The whole is greater than the sum of its parts
“This is called an “emergent” property of the whole, by which parts and whole differ because what matters is the interactions between such parts. And interactions can obey very simple rules.” — Nassim Nicholas Taleb
Each of these primitives are interesting on their own, but mixed and matched together they are fascinating. The combination of Primitives will enable the creation of protocols and systems that weren’t possible prior to their existence. These emergent systems will be greater than any of the individual primitives on their own. With the continued explorations of existing primitives and invention of new ones, we will undoubtably see rapid, compounding utility—where we can experiment with all permutations of existing primitives, tokens and protocols to create new primitives tokens and protocols to infinity. What does compounding utility look like in practice? Let’s look at what’s happening with some Financial Primitives:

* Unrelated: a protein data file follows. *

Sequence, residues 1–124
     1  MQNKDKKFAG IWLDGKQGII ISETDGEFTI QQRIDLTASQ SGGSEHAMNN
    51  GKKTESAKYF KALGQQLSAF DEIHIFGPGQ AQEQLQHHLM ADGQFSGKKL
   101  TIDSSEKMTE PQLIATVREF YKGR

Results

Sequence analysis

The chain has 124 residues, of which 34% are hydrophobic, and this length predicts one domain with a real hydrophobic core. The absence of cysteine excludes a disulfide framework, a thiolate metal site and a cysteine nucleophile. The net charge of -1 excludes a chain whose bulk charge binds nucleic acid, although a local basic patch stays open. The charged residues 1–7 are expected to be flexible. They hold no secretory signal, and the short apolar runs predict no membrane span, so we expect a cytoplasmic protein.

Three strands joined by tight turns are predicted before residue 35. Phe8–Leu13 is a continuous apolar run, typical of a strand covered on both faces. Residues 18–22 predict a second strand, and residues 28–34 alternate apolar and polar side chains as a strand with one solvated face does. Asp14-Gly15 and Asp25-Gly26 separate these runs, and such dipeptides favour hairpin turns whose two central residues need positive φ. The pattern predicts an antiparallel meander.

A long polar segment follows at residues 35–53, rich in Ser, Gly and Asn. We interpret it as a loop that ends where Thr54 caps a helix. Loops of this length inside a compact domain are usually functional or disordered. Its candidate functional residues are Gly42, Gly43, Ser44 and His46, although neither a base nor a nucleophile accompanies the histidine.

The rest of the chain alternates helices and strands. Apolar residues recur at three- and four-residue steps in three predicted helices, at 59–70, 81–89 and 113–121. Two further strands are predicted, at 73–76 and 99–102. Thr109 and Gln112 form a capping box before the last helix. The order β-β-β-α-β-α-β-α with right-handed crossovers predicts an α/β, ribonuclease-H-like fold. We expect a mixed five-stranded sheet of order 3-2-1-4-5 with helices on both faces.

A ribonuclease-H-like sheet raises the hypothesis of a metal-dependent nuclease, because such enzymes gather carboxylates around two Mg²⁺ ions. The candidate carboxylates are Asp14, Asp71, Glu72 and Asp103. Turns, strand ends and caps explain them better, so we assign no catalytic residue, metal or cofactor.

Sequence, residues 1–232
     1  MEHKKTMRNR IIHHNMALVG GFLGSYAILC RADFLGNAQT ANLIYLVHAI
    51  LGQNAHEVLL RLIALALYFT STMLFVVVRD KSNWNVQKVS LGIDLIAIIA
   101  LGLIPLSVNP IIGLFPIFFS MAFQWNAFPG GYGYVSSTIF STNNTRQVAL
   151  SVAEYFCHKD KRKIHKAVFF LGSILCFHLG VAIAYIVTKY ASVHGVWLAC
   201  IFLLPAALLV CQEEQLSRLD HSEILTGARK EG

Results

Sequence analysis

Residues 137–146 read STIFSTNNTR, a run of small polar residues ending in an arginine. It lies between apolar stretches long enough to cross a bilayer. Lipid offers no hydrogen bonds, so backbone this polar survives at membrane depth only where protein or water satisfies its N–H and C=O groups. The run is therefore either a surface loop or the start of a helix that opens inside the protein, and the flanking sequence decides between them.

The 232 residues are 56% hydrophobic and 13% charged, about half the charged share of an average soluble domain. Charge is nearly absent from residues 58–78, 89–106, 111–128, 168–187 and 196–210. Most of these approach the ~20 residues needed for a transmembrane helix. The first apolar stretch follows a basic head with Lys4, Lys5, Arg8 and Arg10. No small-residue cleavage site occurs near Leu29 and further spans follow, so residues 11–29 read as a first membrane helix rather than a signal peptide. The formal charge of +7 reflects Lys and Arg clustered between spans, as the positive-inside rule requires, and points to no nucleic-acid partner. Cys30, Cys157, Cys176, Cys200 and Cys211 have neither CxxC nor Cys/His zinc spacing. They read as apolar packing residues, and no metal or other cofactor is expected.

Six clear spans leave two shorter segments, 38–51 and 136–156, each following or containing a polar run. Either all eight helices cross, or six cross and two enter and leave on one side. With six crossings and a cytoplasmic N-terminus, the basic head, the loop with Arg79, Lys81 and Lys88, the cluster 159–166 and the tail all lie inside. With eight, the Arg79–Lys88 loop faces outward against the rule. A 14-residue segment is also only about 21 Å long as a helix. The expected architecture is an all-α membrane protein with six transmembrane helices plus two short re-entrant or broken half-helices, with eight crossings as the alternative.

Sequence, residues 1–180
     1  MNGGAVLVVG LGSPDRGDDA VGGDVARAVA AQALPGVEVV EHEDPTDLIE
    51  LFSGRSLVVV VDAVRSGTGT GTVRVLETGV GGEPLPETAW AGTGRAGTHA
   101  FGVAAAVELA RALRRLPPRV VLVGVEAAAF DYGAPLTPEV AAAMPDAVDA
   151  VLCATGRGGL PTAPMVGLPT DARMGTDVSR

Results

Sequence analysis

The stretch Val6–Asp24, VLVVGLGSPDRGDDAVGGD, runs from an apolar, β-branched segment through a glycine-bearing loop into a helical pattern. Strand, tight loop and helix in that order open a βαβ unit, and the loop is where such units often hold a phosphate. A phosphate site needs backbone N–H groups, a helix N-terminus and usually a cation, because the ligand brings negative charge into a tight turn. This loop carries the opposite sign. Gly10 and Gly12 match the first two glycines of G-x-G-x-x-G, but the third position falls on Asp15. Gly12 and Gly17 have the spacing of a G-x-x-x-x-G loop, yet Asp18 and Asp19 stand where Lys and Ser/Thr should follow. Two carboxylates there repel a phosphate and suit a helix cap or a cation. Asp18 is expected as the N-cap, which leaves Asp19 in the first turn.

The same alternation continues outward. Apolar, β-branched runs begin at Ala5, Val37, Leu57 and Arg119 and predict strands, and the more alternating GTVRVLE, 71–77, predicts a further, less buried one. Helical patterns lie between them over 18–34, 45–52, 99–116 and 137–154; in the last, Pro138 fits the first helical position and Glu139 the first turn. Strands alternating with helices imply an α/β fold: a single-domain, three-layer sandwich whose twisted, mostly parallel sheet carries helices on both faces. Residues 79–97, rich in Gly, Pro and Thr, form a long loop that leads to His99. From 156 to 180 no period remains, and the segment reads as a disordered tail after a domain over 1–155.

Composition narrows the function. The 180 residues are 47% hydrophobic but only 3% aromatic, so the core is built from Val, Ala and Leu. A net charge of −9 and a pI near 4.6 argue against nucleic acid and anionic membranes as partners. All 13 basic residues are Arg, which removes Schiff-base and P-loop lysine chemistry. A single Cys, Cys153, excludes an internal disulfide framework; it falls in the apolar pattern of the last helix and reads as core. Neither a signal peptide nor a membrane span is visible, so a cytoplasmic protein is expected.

Can’t wait to take out a @DharmaProtocol loan to buy more @CryptoKitties, trade @dydxderivatives options contracts to hedge breeding risk and trade @SetProtocol indexes of various kitty attributes to get broad exposure. This is the open financial system I’ve been waiting for.
The ability to play each of these Financial Primitives off each other increases the utility of each individual primitive and leads to a total value add that’s greater than the sum of all of them put together. New building blocks means new types of things that can be built. It also means there’s probably a whole field of specialization in just the combination of them.
This is exactly the case in the longstanding world of Cryptographic Primitives, the combination of primitives to create security protocols is a specialization in its own right—this will likely be the same in the cryptocurrency field, Cryptoeconomics is only just getting started.